I was once asked: “How is set-based design lean? Isn’t designing multiple alternatives creating waste and the opposite of lean?”
This is a logical and reasonable question. It is always important to understand the purpose of a method, so you can hypothesize if it will solve your problem(s). Doing anything without understanding the purpose is waste. And since set-based design often requires an investment in order to shift resources up front in development, its purpose may be questioned even more. This is actually a benefit in disguise as it ensures we understand the purpose better. It is yet another counterintuitive lean method with the answer coming from the perspective you are looking from.
Depending on your perspective, there are many wastes associated with or avoided through learning about multiple alternatives. From just one product within the engineering department you could reasonably think that if you explore multiple alternatives, then all except the one you select will be waste. This is no different than optimizing vertically within a process or function instead of horizontally across the value stream.
The original question comes from a horizontal perspective that if you just select the best alternative before you start then every other alternative is waste. But both of these viewpoints are wishful thinking and happen to directly conflict with the core LPPD principles. They imply that the designer should automatically know which alternative is best, ignore the expensive and time-consuming iterative design changes that almost always occur when a single design is selected early, and will likely result in a sub-optimal design providing less value to the customer. These are all wastes that negatively impact customer value.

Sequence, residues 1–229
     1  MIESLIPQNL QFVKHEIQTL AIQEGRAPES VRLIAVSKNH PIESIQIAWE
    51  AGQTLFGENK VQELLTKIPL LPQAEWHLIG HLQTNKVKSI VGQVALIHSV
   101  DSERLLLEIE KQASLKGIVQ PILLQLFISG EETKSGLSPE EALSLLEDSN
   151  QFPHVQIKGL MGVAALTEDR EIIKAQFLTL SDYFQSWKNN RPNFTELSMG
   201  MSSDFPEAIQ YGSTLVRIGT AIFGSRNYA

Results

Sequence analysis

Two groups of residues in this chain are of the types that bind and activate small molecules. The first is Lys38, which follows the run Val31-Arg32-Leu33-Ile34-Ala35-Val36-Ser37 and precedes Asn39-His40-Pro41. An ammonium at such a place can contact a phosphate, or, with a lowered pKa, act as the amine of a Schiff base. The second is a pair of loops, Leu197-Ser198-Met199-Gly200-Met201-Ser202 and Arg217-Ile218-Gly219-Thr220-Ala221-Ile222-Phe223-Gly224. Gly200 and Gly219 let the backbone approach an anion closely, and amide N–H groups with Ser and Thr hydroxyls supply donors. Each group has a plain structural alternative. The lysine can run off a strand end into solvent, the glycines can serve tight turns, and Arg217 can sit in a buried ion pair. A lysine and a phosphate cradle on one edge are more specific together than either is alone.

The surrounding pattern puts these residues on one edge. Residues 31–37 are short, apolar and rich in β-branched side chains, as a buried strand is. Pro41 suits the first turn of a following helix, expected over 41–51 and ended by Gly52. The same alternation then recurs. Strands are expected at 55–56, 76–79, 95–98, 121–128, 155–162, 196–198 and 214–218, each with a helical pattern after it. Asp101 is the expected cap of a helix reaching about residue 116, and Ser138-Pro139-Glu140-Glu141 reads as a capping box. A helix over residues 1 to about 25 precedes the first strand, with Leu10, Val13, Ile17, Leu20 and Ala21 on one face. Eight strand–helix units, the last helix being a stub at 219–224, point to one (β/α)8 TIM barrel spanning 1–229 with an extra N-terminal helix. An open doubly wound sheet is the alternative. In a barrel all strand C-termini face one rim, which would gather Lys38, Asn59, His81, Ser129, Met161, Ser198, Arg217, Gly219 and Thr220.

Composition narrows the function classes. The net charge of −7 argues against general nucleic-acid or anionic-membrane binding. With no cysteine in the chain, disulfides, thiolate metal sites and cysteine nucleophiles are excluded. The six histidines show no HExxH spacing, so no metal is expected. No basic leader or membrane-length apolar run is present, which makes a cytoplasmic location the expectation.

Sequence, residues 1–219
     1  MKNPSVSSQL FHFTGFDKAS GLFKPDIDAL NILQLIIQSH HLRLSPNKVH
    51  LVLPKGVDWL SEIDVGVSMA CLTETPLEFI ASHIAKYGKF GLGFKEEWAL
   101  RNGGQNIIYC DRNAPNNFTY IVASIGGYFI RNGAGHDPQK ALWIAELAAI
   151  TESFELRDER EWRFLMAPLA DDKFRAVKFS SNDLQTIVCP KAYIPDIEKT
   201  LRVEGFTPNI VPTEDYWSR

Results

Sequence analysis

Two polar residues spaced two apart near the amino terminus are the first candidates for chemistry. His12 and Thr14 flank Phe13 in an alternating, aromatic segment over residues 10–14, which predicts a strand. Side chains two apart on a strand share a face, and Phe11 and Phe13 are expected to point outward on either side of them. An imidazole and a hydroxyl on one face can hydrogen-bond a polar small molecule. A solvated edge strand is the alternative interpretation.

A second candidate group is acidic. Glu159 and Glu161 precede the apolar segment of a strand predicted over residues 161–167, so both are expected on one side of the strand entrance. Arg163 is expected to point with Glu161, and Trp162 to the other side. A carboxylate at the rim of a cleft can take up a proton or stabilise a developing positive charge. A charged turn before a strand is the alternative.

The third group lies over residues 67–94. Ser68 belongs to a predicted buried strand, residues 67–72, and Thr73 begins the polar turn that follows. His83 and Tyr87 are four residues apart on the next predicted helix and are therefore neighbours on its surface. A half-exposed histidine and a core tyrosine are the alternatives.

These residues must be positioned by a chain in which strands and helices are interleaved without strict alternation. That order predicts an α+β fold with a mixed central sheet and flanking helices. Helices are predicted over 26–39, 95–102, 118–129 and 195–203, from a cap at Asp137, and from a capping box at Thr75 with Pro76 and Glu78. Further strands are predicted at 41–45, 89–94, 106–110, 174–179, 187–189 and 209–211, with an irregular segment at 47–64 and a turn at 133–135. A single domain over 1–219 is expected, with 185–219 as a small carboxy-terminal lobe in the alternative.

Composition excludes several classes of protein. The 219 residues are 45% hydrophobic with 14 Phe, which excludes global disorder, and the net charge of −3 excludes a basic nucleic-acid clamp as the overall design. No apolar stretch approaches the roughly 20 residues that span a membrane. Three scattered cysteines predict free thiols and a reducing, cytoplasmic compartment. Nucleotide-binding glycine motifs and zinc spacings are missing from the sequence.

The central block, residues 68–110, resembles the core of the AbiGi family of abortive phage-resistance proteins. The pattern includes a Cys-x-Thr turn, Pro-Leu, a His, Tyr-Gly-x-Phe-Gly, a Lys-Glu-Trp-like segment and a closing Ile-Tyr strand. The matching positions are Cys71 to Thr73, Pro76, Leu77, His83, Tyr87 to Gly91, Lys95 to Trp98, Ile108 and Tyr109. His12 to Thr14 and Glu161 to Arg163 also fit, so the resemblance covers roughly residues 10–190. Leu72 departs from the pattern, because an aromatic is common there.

At the same time, designing multiple alternatives will indeed generate waste if you are not mindful about what you are learning and trying to create. Value is created in development through the creation of two things:
- Profitable operational value streams (product customer values and manufacturing system to produce).
- Usable knowledge that enables the creation of profitable operational value streams.
From the perspective of maximizing value in creating a profitable operational value stream, you should be maximizing value for the customer in the product and your ability to produce it. Exploring multiple alternatives paired with quick learning enables faster time to market and more customer value. But this only happens if you evaluate the alternatives from the perspectives of the customer and manufacturing system. If you are evaluating alternatives from different perspectives that the customer doesn’t value you could just be generating more waste.
And then there is the other value created in development – usable knowledge. While multiple alternatives are explored to optimize the product and manufacturing system, what happens to the knowledge created while learning about the alternative designs? If your perspective is just this one product and that knowledge gets discarded, it isn’t a waste.
But if you are looking at a product development system with other current and future products, discarded knowledge is indeed a waste. If you capture knowledge in a difficult-to-access medium that is also waste as it is unlikely to be retrieved for future programs. Whereas, if you capture knowledge in an easily accessible format, such as trade-off curves, you can leverage that knowledge on future projects to create more customer value.
Editor's Note: Katrina's article can also be viewed on the newly redesigned LeanPD.org.